Friday, February 18, 2011
Storytelling reveals meaning without committing the error of defining it.
As fair art thou, my bonnie lass, So deep in luve am I: And I will luve thee still, my dear, Till a’ the seas gang dry. St Johns Park, New Town. February 2011.
I’m ahead of the pace to knock over 85 books this year. With 15 down, I’ve only another 70 to go!
This week, what a pearler to begin with!
Despite all the awards she one (including the Nobel), and all of the esteem that she’s held, I’ve only just read my first Toni Morrison novel. I figured that if I was going to explore her oeuvre – oohh err missus – I’d go right back to where it started…
The Bluest Eye is Toni Morrison's first novel. It covers a year in the life of a number of young black girls in against the backdrop of America's Midwest in the years following the Great Depression. Like a lot of stuff written in the late-1960s, the shifts about a number of characters, as well as a third-person, omniscient perspective. However, (unlike many novelists in the late-1960s) Morrison has the skill to pull it off effectively. In fact, her use is a great example of how such a device can aid in constructing a depth of characterisation rarely seen in such a challenging (in terms of subject matter) tale.
Without giving the game away, the novel explores ideas of ‘beauty’, particularly those that relate to racial characteristics, gender, race, deprivation, historical memory, the sexualisation of youth, and the determinants that shape individual’s character, choices and lives.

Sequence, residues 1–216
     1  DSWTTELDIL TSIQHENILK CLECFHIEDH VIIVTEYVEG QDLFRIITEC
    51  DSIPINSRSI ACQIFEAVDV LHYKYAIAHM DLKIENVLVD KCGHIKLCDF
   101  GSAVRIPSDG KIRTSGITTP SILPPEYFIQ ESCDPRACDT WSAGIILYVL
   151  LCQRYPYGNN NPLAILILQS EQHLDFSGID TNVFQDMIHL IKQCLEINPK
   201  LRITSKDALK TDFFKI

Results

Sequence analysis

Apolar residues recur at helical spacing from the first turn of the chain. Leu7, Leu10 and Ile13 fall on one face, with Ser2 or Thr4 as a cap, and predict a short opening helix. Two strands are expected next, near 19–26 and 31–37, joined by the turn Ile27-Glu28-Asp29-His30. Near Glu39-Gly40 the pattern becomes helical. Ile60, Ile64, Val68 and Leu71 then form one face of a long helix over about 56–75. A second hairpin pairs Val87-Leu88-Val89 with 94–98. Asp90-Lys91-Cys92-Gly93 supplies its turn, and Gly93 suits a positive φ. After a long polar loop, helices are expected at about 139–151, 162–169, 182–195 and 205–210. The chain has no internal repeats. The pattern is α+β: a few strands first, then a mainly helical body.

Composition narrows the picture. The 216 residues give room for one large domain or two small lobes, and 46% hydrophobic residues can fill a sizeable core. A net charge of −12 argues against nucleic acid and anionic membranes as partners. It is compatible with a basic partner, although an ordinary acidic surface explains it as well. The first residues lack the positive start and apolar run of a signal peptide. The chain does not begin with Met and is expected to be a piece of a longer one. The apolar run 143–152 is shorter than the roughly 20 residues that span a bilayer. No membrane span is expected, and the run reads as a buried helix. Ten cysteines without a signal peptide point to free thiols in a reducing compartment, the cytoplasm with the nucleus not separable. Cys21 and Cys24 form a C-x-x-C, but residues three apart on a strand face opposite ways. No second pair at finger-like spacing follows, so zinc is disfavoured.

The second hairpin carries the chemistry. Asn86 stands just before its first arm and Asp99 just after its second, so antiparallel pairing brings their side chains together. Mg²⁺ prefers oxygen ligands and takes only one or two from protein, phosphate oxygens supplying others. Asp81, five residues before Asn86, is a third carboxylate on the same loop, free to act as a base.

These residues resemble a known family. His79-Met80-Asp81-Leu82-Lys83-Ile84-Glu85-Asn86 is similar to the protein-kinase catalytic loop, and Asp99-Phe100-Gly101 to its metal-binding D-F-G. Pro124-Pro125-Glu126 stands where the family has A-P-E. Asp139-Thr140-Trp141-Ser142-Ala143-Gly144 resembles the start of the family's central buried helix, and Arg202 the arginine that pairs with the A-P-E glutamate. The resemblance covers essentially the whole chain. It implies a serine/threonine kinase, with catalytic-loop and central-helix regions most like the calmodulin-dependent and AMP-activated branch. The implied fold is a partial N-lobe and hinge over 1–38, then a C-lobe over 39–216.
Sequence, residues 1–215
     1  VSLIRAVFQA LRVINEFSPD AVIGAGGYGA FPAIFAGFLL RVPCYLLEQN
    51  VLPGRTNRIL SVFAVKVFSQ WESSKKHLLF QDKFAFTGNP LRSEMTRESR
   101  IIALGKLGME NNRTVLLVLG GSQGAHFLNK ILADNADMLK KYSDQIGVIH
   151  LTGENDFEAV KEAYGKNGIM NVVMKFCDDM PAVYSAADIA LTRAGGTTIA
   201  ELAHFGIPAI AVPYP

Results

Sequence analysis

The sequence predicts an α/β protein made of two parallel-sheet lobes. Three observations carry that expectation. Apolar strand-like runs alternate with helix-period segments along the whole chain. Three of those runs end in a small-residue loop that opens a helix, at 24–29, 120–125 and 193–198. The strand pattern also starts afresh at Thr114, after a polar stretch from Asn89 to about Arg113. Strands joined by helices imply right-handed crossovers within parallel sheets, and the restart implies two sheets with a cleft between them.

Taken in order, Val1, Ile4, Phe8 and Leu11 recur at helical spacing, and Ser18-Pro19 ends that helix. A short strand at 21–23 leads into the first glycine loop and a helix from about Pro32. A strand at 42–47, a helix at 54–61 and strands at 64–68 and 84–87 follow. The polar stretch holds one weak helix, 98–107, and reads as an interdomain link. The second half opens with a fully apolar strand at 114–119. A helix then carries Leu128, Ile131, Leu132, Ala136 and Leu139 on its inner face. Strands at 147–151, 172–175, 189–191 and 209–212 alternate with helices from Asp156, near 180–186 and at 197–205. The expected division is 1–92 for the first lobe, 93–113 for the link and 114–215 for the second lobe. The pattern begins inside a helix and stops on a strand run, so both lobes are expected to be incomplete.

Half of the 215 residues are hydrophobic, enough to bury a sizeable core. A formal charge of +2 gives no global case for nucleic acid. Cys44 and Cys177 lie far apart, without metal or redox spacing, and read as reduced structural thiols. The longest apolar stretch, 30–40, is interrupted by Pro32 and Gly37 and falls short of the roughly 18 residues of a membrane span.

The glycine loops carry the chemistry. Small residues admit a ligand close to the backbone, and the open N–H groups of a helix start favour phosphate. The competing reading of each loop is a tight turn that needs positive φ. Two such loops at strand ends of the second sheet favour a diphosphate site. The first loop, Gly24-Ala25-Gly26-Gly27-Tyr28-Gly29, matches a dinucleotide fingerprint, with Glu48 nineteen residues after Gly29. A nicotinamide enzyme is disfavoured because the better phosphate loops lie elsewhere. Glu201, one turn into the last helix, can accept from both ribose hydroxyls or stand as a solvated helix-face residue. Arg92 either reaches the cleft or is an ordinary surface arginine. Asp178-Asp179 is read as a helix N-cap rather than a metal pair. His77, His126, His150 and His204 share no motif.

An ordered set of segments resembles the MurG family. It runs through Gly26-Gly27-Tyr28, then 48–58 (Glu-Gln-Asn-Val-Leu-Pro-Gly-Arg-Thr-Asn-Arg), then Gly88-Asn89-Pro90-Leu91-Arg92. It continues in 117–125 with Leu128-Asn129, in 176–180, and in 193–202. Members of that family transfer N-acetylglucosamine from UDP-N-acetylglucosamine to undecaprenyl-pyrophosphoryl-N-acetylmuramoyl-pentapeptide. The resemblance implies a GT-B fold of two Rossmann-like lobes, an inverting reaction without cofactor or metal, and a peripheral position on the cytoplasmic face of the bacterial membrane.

It’s a wonderful book, and one in which the author expertly (and seemingly effortlessly) recreates a world populated with rich characters so far from one’s own to a degree rarely seen. Even more so, she has avoided the clichéd exercise of the literary expression of ‘victim as martyr’ or ‘misery as entertainment’.
I could not possibly recommend it more highly.
So Long, See You Tomorrow by William Maxwell is a lovely, silent little novel. Telling a story from the American Midwest in the 1920s, it weaves a couple of interconnected stories in a wonderfully restrained and magically evocative meditation on the past.
It is a hard book to speak about without giving too much away, but I can heartily recommend it. The art of rendering a heartbreaking intimacy in such a subdued way has rarely been matched in my experience.
The third this week also comes with some pedigree, Ian McEwan’s Amsterdam winning the 1998 Booker Prize. A good old fashioned morality tale, filled with moral choices, moral responsibilities, the decisions that are made and the consequences we face.
A world inhabited by a group of egotistical men connected by a shared lover (the funeral at the beginning). A newspaper editor struggling with turning his broadsheet into a tabloid, an eminent composer faced with the task of writing a ‘millennium symphony’ (three years early), an odious Foreign Secretary (and would be Prime Ministerial challenger) and an aloof millionaire widow.
A fine read that should be enjoyed by misanthropes the world over.